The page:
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Money. Secrecy. Foreign officials. “Greasing palms.“ Bribery.64 That’s the dirty little secret about doing business globally that managers at multinational companies don’t want to talk about. It’s illegal for U.S. companies to bribe foreign officials as the Foreign Corrupt Practices Act (FCPA) states. The FCPA resulted from Securities and Exchange Commission investigations in the 1970s in which over 400 U.S. companies admitted to making questionable payments (some $300 million) to foreign government officials, politicians, and political parties. One major example: Lockheed officials who paid foreign officials to favor their company’s products. The FCPA, which prohibits bribery of foreign officials, was meant to re-establish the public’s trust in the honesty and reliability of American businesses. With the passage of the FCPA, the United States became the first country to explicitly outlaw the practice of bribery. Recently, however, managers at the world’s largest retailer were sent reeling by allegations of bribery in Mexico to accelerate the company’s expansion there. An investigation by a reporter for the New York Times claimed that Walmart’s Mexican subsidiary paid $24 million in bribes to local officials to speed up the granting of permits to open new stores. The investigation also alleges that when evidence of the bribery’s vast scope was presented to senior management in the United States, they shut down the probe. As the scenario unfolded, however, the company’s board of directors reported that the audit committee was “examining possible violations of the Foreign Corrupt Practices Act and other alleged crimes or misconduct in connection with foreign subsidiaries . . . “ This was the first public disclosure by Walmart that the internal inquiry could possibly involve additional subsidiaries. What started as a high-profile corporate espionage case turned into an enormously confusing, bewildering, and embarrassing mess for French car bribe—supposedly for information related to the cost of the company’s electric car. According to CEO Carlos Ghosn, this information was critical economic data that could give competitors insight into the car’s technology and its costs. Renault’s chief operating officer, Patrick Pélata, launched a four-month internal investigation that led the company to conclude that “it was the target of a system organized to collect economic, technological and strategic information to serve interests abroad.“ A company spokesperson also said that the company’s compliance committee was alerted to possible unethical practices involving three employees. Renault then lodged a criminal complaint of “organized industrial espionage, corruption, breach of trust, theft and concealment“ and dismissed three executives who worked on its electriccar program for allegedly leaking information in exchange for money. Ghosn said the company’s actions were taken to protect the company. He declared on a French evening news program on January 23, 2011, that Renault had plenty of proof and that they were absolutely certain that the three employees had passed company secrets to outside sources. The affair also caused tension with Beijing after then-French president Nicolas Sarkozy ordered an investigation into whether China was involved in the espionage. But the story takes an interesting twist here as these three men repeatedly denied any wrongdoing and asserted their innocence from the beginning. Doubts began surfacing about the alleged spying when the Paris state prosecutor dismissed charges against the three fired executives for lack of evidence. That’s because the three were, in fact, innocent. Renault, for the first time, began suggesting that the company may have been “tricked“ into bringing the allegations against these men. Then, French prosecutors began trying to figure out whether someone had engineered the entire affair as a way to defraud the company. The French police had not found any foreign accounts into which the three executives were said to have deposited their spying proceeds, but they did find accounts in Spain and Dubai holding some of the money that Renault had given Dominique Gevrey, an employee in Renault’s security department who led the internal inquiry against his three colleagues. He was arrested while trying to leave the country boarding a flight to Guinea in West Africa and accused of concocting the spying allegations. The audit committee of Renault’s board of directors also launched an investigation. It concluded that executives had committed a series of missteps after the company received the anonymous espionage tip. One was that the security department’s investigation was deliberately hidden from Renault’s board and audit committee. It also said that it had been a mistake for the company to pay out 200,000 euros ($290,000) to obscure firms for “imprecise purposes“ in connection with the investigation into the alleged espionage. The audit committee also concluded that the three Renault managers accused of spying had been fired without an opportunity to respond to the allegations. At a specially called meeting, the board took the following actions: accepted the resignation of Patrick Pélata, Renault’s chief operating officer, although he is being reassigned to Renault’s alliance with those of Japanese partner Nissan Motor Company; dismissed the head of human resources, the head of the legal department, and the secretary general; fired three security officials, including Dominic Gevrey; asked for a complete redesign of the company’s security department, hiring expert consultants from around the world; reinstated one of the wrongfully terminated employees and reached settlements with the other two; called for creating a company ethics committee and restructuring its compliance committee. Diversity management is the bottom line at professional services company, PricewaterhouseCoopers (PwC).66And the company’s commitment to diversity puts them at the top of the list for Top Companies for Diversity as determined by DiversityInc. So what does a company do to be recognized as the number one company for diversity management? Well, it starts at the top. in the middle of the night because you’re a foreigner—you get a different perspective.“ In addition, his work team included individuals from France, Australia, and the United Kingdom, as well as from Japan. He soon recognized that people from different cultures approach problems with differing perspectives—that his way wasn’t necessarily the right way and certainly not the only way. That’s why now as the company’s top executive, he realizes that to help his company succeed in today’s global economy, an inclusive culture that attracts and retains diverse talent is critical. PwC also has several diversity programs and initiatives in place. The company’s first chief diversity officer (CDO) was appointed in 2003 and, like at many organizations, was first “housed“ in the human resources department. Now, however, the CDO reports directly to Moritz, giving the position credibility and, more importantly, accountability. Another interesting thing about PwC’s CDO position is that it is rotating—that is, partners are rotated in and out of the role every two years. Currently, that position belongs to Maria Castanón Moats, an audit partner who recently was named CDO. Another diversity commitment that PwC has made is to talent development. Professional services companies, like PwC, prosper or fail because of their human talent. PwC has made it a priority to “find, engage, and promote the best and brightest employees, especially those from underrepresented groups.“ To attract such outstanding diverse talent, the company offers employees an enviable array of benefits. Because work at professional services companies can be arduous and demanding, PwC has looked for ways to offer its employees work/life flexibility to deal with personal and professional challenges. Some of the benefits it offers includes backup childcare assistance, paid paternity leave, nanny resources and referrals, onsite religious accommodations, well-being rewards, and tax equalization for all domestic partners. Finally, a major key to PwC’s diversity management is its mentoring program, which has been described as “world class.“ A mentor is a senior employee who sponsors and supports a less-experienced employee, called a protégé. Although half of the company’s mentoring pairings are cross-cultural, Moritz has asked each of PwC’s 2,500 partners to “consciously diversify their pool of protégés.“ Part of the partners’ evaluations will be based on their advocacy and investment in these individuals. But PwC doesn’t just expect its employees to know what to do in mentoring. A toolkit for successful advocacy was created that includes guidelines, suggested readings, and other internal resources. And the most important part of that toolkit? Videos showing real-life examples of partners and staff members sharing their personal experiences with mentoring. What’s your reaction to these events? Are you surprised that bribery is illegal? Why do you think bribery takes place? Why do you think it needs to be outlawed?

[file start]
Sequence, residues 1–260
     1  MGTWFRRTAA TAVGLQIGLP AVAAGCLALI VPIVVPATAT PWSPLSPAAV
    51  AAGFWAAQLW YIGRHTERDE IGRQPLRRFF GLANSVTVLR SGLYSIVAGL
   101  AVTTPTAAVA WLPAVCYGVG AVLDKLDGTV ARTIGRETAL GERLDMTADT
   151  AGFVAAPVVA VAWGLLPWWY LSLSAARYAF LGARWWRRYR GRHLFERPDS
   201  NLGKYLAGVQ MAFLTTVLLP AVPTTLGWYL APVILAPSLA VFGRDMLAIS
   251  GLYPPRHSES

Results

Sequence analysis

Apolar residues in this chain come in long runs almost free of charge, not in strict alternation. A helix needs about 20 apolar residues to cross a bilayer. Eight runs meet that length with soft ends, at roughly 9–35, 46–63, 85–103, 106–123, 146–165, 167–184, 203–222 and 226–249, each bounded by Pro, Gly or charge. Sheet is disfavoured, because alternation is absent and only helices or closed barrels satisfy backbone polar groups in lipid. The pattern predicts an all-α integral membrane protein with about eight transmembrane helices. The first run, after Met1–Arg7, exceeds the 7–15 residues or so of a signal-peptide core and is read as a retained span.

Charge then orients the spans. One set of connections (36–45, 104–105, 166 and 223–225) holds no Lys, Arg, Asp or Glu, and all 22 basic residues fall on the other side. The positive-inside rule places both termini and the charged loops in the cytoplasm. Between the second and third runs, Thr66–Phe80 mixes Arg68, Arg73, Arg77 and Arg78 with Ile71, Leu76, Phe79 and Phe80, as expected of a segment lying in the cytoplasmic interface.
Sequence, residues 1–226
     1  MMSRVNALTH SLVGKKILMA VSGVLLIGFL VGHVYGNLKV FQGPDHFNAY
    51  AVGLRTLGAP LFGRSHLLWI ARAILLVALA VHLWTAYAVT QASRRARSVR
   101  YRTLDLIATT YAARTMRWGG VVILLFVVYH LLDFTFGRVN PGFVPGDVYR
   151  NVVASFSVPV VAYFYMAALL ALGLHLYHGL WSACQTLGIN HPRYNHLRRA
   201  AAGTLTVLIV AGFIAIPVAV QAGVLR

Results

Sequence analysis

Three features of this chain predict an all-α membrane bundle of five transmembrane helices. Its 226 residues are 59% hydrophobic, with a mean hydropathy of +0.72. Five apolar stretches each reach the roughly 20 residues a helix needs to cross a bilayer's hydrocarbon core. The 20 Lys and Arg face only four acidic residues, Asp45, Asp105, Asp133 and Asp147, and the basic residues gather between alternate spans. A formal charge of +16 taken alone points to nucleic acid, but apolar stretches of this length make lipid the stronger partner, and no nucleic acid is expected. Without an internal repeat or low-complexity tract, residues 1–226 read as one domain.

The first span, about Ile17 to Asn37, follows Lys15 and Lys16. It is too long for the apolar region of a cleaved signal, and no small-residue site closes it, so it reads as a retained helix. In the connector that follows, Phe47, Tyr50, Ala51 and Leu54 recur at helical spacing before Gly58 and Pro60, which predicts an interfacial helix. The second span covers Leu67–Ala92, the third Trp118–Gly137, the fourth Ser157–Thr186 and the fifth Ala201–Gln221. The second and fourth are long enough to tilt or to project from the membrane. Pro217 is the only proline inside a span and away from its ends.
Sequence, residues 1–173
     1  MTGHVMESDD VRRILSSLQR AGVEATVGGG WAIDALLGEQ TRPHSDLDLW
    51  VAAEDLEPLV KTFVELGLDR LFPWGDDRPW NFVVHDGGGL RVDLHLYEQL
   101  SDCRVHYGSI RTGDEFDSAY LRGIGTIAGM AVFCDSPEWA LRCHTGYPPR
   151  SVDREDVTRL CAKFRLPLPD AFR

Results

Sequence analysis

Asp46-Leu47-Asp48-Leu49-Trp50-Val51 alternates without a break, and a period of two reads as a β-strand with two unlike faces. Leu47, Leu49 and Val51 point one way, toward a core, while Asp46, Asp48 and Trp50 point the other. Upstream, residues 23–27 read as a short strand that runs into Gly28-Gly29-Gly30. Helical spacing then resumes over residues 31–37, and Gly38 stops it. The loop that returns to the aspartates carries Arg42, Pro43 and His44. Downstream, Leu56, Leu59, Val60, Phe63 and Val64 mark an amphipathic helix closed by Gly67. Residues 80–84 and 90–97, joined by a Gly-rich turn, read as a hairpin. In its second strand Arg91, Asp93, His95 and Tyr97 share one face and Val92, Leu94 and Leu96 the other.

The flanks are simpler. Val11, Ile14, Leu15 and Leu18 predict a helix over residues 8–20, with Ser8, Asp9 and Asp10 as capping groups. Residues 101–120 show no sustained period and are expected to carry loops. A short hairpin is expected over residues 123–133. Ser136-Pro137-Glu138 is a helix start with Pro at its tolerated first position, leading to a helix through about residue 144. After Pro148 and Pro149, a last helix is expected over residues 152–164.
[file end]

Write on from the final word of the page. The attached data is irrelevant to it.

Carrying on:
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The mentioned fact is not surprising.

Bribery takes place because it is considered to be an easy way to get work done through officials. Things are done without proper check-up and testing.